@Anonymous: You bring up an intersting concept: a partially assimilated group might still look very different from native citizens who more easily see the differences rather than the similarities.

mark said...

Should have closed the rock when my ancestors saw those boats comming. All we got was gunpowder and disease. Everyone can leave for all I care.

Okrane S. said...

Well, I guess everyone's worst fear is novelty... not surprising...

However, it's just one thing that doesn't hold in your analogy... in WoW the entrance of a new player, does not affect the already existing ones...

mark said...

It taxes my server, slows my LFG runs, and litters my chat with useless banter.


Tell me again how I'm not affected?

Tesh said...

I'm still waiting for the "Vanilla Wow F2P" to happen. I want to see old timer snobs cry.

Mwahaha!

Um... yeah, to run with the analogy... amnesty for private servers?

Slightly less tongue in cheek, I occasionally wonder just how much some players would be willing to pay for a legitimate private server, like a gated community. "One must simply keep the riff raff out, price is no object."

Klepsacovic said...

@mark: We taught you how to mass-produce tobacco in mildly radioactive fertilizer and then to smoke small amounts of it constantly so as to develop lung cancer, and as we all know, cancer cells are immortal, meaning that we gave you a little piece of immortality. To balance it out we killed a corresponding percentage of the population. I'm assuming you're native, hopefully I didn't completely misread.

@Okrane S: New players absolutely do affect the existing ones. Where do you think new raiders come from? Or the other people in LFD? Or old raiders? They were once new and their learning process then influences how they play now.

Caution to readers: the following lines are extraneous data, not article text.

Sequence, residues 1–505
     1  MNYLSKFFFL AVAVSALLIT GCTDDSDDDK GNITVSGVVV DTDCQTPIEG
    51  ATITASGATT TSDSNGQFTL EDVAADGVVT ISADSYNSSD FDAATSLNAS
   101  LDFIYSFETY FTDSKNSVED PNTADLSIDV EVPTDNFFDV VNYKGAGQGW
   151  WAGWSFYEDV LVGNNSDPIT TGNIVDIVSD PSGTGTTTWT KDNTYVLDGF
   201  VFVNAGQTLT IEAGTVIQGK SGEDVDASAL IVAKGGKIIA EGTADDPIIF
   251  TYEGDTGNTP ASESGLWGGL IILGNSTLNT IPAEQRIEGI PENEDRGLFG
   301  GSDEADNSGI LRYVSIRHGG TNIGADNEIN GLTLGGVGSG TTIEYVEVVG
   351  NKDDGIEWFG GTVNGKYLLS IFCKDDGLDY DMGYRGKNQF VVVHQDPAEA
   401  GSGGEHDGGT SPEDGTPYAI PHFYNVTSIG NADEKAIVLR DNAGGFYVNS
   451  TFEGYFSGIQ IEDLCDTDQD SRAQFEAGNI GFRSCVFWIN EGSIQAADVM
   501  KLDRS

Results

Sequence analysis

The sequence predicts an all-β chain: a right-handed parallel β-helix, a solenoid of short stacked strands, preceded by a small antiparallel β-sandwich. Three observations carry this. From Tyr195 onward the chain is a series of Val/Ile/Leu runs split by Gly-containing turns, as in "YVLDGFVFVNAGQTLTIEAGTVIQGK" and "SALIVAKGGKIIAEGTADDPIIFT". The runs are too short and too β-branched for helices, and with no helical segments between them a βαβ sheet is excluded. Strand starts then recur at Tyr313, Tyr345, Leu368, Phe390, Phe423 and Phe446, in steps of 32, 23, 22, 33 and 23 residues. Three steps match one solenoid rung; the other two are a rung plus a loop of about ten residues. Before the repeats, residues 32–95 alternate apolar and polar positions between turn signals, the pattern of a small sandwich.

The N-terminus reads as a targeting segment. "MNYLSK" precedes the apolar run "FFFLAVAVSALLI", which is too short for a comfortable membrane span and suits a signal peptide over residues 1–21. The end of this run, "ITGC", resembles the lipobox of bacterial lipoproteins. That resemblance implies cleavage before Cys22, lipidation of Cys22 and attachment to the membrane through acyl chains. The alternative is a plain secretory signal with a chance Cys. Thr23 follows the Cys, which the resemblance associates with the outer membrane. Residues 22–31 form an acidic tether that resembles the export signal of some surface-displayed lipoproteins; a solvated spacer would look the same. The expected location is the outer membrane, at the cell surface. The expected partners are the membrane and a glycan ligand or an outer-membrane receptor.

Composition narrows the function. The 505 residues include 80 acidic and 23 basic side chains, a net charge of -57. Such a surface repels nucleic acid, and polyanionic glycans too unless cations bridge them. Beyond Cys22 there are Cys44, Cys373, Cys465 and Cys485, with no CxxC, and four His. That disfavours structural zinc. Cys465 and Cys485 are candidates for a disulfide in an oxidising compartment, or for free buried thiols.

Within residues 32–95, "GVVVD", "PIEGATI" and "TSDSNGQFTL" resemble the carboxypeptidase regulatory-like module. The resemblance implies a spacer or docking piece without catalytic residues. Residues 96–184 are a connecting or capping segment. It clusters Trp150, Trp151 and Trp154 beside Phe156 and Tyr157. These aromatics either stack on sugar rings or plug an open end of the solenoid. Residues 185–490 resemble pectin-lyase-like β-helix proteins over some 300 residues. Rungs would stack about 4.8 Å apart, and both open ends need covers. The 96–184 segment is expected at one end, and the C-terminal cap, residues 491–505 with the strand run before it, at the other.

@mark again: The douches in trade might be old players who have nothing left to do. But maybe their audiences are new. Not that I'm disagreeing that new players clearly have some sort of effect.

@Tesh: Blizzard could sell eternal quitessence for $25 and somehow manage to sell out every single pixel. Yes, their servers would run out of pixels.

Ironically, gated communities require some way for people to get around the gate, or else they die out. In real life there are community boards and housing prices and that sort of thing, but how would they filter players in or out of private servers? I suppose they'd just end up as a series of blips as a guild or group of friends make one and eventually leave before some other group rents it out.

Cassandri said...

Gosh it's not just America. You should hear the ridiculous propangda going around in Australia about the "boat people" and "stopping the boat people" during the current federal election campaign.

An expert estimated that it would take well over 10 years to fill 1 football stadium with illegal immigrants who arrive by boat. It's like 5% of illegal immigrants or something.

It's so stupid. Nobody in their right mind would take such a dangerous journey (in which many die) to cross an ocean and start a new life here unless their live back home is absolutely miserable.

Let em in I say.

(ps maybe noobs are miserable in RL and we should welcome them to the magical world of escapism! er, World of Warcraft)

Anonymous said...

@Cassandri:

The thing about Australia is that it is essentially and island, and for the most part jobs are still paying well and/or unionized. Immigration is much more controllable in Australia. I know because I'm trying to emigrate there, but the requirements are extremely high. In the U.S. on the other hand, all the corporations are so excited to get cheap Mexican labor, that they are in no hurry to make immigration difficult.